AFI Film Festival AW Kautzer's Film Review Film

Rocks – AFI Film Fest 2019 Review


Harrowing isn’t the word for what the title character Rocks experiences in this astute drama.

Director Sarah Gavron gives us a sobering look at bad decisions and inexperience of a teenage female put into an impossible situation.  Rocks may show us the harrowing but never forgets that those in-between moments of vital life. 

Olushola aka Rocks (Bukky Bakray) is your average teenage female.  She loves her friends.  Takes care of her brother, Emmanuel (Dangelou Osei Kissiedu).  Helps her Mother.  Aspires to do makeup professionally.  All of this averageness is upended when her mother abandons her because “she can’t handle it”.  Rocks fearing separation from her brother and the hope beyond hope that this is another one of her Mother’s “vacations” attempts to keep her and her brother afloat. As the hope diminishes her mother is ever coming back Rock makes increasingly dangerous decisions.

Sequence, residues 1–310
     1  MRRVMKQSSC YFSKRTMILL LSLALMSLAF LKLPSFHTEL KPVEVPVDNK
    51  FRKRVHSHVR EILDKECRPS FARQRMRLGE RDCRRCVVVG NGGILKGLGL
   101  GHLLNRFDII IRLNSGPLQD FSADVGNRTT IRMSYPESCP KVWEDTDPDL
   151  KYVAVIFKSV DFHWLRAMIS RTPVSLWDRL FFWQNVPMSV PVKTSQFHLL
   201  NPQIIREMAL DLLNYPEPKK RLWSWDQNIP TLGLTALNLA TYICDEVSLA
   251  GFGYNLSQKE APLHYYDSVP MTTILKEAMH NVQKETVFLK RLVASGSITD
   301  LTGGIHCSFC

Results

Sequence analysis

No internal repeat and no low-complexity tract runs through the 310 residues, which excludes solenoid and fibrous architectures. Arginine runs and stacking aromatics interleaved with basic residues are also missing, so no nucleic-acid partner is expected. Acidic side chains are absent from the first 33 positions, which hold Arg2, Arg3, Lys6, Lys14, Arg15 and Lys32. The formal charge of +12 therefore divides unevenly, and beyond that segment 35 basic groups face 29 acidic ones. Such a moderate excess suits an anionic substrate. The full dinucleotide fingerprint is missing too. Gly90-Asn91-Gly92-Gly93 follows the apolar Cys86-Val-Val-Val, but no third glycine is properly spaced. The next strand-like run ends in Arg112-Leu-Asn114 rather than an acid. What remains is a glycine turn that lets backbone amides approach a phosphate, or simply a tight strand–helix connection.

Rocks has enough anxiety-inducing behavior to make any audience member shout at the screen in hopes that the main character will hear any sort of reason.  Many will find her actions off-putting to the point of anger and frustration.  That is the point, though.  Rocks is a child making decisions that even the most seasoned of adults would have difficulty with.  Part of the beauty, the horror, of the film is that there is no savior moment.  There is no right choice either.  Just compounding of terrible decisions and the cost, eg human wreckage, left behind because Rocks’ mother abandoned her responsibility to a child.

Gavron and screenwriters Theresa Ikoko and Claire Wilson have created a film that feels authentic in the best way possible.  Though the final moments feel a bit too concocted rather than organic, they are able to make a nervy film that feels more honest than most films about teens.  Gavron creates a film that never judges Rocks only shows us her actions and the consequence of those actions.

In a genre rife with make-believe and fairy tale stories, Rocks gives us a film about real teenagers and real issues. They may make a mess of things but Gavron and Company never lay judgment.  Rather the film poises to make one understand Rocks and her friends.  In a film community that often discusses acceptance and understanding, but rarely produces it, Rocks has more than enough to spare.

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